- It’s that time of year when colds, coughs and viruses all take their toll and most business will see an increase in their sickness absence levels. But how many days’ absence in a rolling twelve -month period is too many? Did you know that the average UK employee takes 7 days off sick in any twelve month period and that there are more days lost to back, neck and muscle pain than any other cause?
Sickness absence needs to be dealt with sensitively and carefully as there are many discrimination laws that can and could be broken if the absence issue is not dealt with in the right way. Also, as a responsible employer, you don’t want to create a culture of fear which means that genuinely sick employees are coming into work as they are so worried about taking time off.
There needs to be a clear sickness absence policy that sets out the rules about how and when the employee needs to inform their employer about the absence, and how often they need to keep the employer informed about a rolling period of absence. It is also good practice to offer some sort of support to employee’s who go over an agreed period of absence, such as a meeting with an independent Occupational Health Dr, or where necessary offering an Employee Assistance Programme. An HR professional can give you some best practice advice on writing a sickness absence policy that meets ACAS guidelines and employment legislation that also works for your business.
- If you have an employee that you feel is taking too much time off for whatever reason, then you need to start recording their absences accurately. The absences can be recorded in a diary or on a spreadsheet, so that when you want to start formal conversations with the employee about their absence, you can discuss dates and total number of absences with them.
- Like all people issues, a concern about an employee’s level of absence should be dealt with quickly and not allowed to fester.
A good way to do this is to have a “Return to Work Interview” process in place, as part of your Sickness Absence policy. This return to work interview should then be conducted for every employee after every incident of absence, regardless of whether the absence is for 1 day or 10 days. The interview consists of some basic questions such as; making sure the employee is now fit and well enough to return to work, giving them the details of how many days absences they have had in the last 12 months, and explaining to them they were missed and how or who covered their work.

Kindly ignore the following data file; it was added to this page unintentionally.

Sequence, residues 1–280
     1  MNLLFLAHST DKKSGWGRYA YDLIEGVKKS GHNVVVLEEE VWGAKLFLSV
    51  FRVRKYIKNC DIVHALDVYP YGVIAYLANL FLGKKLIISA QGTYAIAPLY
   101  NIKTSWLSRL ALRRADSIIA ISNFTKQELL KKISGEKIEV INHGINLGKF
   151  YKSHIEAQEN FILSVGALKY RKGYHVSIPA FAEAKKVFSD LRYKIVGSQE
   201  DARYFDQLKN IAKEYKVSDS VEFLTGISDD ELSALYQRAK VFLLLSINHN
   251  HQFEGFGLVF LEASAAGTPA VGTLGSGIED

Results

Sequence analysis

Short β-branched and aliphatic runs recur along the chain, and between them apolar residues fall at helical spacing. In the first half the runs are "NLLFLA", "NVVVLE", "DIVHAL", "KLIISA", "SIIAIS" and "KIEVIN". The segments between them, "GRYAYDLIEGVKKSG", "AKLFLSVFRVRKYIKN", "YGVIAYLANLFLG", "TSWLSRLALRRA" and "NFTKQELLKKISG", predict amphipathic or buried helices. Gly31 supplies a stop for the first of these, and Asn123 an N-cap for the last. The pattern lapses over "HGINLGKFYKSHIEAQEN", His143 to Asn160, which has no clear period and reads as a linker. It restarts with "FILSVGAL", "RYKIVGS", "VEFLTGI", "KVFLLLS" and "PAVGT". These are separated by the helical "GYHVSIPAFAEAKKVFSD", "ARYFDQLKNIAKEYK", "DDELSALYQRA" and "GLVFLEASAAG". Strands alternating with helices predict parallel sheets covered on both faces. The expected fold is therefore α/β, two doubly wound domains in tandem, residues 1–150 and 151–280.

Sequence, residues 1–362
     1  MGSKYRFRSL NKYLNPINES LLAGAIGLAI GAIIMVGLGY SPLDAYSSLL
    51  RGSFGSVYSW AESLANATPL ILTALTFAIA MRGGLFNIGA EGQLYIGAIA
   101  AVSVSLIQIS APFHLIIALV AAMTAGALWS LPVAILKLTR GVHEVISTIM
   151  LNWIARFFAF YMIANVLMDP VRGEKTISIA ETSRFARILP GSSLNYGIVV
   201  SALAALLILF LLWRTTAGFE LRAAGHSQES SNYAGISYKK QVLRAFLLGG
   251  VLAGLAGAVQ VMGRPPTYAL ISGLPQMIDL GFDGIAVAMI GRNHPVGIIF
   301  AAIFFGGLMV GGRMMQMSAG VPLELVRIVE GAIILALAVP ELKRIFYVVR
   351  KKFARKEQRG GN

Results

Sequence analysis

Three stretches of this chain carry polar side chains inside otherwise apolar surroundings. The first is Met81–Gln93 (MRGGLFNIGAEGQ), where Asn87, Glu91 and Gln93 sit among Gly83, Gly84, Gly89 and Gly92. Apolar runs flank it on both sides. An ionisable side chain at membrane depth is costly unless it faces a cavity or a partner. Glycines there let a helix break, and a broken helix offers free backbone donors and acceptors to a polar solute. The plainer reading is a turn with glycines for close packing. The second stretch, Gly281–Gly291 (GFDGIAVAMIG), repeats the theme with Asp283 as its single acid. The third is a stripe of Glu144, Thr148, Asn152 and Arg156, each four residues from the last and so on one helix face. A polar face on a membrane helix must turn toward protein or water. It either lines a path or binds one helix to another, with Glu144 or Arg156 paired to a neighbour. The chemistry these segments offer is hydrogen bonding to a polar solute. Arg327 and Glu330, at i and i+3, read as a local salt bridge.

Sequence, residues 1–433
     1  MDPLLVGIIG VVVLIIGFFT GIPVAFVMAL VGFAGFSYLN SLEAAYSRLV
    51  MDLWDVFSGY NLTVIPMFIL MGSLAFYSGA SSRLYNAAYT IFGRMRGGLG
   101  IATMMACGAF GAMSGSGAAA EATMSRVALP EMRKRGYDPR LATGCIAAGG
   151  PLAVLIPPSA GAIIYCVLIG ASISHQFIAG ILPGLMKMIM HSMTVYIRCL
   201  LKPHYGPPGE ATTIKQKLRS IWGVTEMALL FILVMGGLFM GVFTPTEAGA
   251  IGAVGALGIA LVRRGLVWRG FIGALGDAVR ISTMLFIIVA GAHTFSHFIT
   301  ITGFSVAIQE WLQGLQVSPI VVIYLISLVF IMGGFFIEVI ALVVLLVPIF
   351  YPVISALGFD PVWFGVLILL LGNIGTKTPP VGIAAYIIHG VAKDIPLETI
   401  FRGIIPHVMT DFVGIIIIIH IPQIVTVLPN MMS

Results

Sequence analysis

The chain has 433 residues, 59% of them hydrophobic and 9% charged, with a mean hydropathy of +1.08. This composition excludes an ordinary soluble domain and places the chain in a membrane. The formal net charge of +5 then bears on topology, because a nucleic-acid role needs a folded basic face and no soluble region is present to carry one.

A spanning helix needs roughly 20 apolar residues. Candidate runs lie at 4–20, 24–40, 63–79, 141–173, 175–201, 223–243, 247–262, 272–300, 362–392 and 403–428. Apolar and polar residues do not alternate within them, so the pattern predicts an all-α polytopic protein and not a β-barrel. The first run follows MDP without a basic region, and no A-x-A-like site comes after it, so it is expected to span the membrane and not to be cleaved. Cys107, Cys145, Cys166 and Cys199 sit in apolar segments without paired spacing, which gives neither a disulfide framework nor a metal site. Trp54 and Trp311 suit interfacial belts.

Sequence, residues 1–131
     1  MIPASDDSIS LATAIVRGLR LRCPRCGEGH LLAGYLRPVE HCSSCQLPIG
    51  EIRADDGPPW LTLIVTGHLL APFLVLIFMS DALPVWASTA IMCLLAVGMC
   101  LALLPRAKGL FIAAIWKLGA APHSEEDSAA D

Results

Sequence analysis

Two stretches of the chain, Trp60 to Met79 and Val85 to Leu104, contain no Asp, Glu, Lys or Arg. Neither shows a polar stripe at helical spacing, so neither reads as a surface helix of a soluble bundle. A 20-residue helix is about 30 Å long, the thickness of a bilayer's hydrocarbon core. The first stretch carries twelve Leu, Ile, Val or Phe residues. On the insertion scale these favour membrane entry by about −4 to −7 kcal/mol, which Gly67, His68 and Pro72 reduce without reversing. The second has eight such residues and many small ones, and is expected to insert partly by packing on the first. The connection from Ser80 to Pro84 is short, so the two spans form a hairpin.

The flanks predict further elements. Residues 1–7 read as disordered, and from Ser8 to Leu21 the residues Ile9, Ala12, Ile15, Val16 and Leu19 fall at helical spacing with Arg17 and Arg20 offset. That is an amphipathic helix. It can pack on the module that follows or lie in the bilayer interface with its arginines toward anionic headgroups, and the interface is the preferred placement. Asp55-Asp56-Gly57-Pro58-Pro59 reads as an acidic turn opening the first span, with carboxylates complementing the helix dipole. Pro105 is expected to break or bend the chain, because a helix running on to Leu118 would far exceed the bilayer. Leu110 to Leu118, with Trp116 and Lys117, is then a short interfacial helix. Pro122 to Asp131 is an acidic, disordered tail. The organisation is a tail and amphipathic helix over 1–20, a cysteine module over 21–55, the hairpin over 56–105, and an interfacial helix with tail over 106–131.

Getting into a regular habit of conducting these return to work interviews can make those who are perhaps taking a day off when really they could be in the office think twice about doing so, as these interviews can prove to be uncomfortable for anyone who is feeling a little guilty about taking a day off as they weren’t really ill and the absence wasn’t genuine. However, be careful, as we said earlier, you don’t want to make people feel they can’t take a days absence when they really need to. There is a real skill in conducting these interviews and it’s important to get the balance right between being sympathetic and caring about the employee’s illness or issue and then moving into the business aspect of the interview about how the employee has been missed in the business and the impact of them not being in the business.
- If the “return to work interviews” are not working, then you need to arrange a formal meeting with the employee to discuss their absence. Just as you would do in a disciplinary matter, you need to investigate the reasons for the absence. This will involve asking them lots of sensitively worded and careful questions, and it maybe that you decide this is not an area you want to be involved in nor have the expertise to deal with. This is where the support of an Occupational Health Dr, or an HR professional could prove to be useful in supporting you. It may be that the employee has a chronic illness that you weren’t aware of such as Diabetes or Chron’s disease that is affecting their health and causing them to take time more time off than you would expect to see. It may be that the employee has a personal issue that is affecting their attendance.
- There are many potential outcomes from this absence investigation meeting and how you deal with it really does depend on the individual and their personal circumstances. There are many ways to deal with improving attendance and reducing absence levels, so don’t feel that you can’t deal with an absence issue, just that you really need to understand what the issue is before finding a solution for it that meets with ACAS best practice guidelines and Employment Legislation.
Emma C Browning Ltd provides professional, commercial and practical HR solutions. If you have any absence issues within your business, then it’s important that you deal with them in the right way to avoid important discrimination laws. I can help you to resolve these issues sensitively and carefully, which will then allow you to focus on your business and help you to realise your full business potential.
To find out how I can help you, please contact me on 01280-848415/07766-741738 or via my website; www.emmacbrowning.com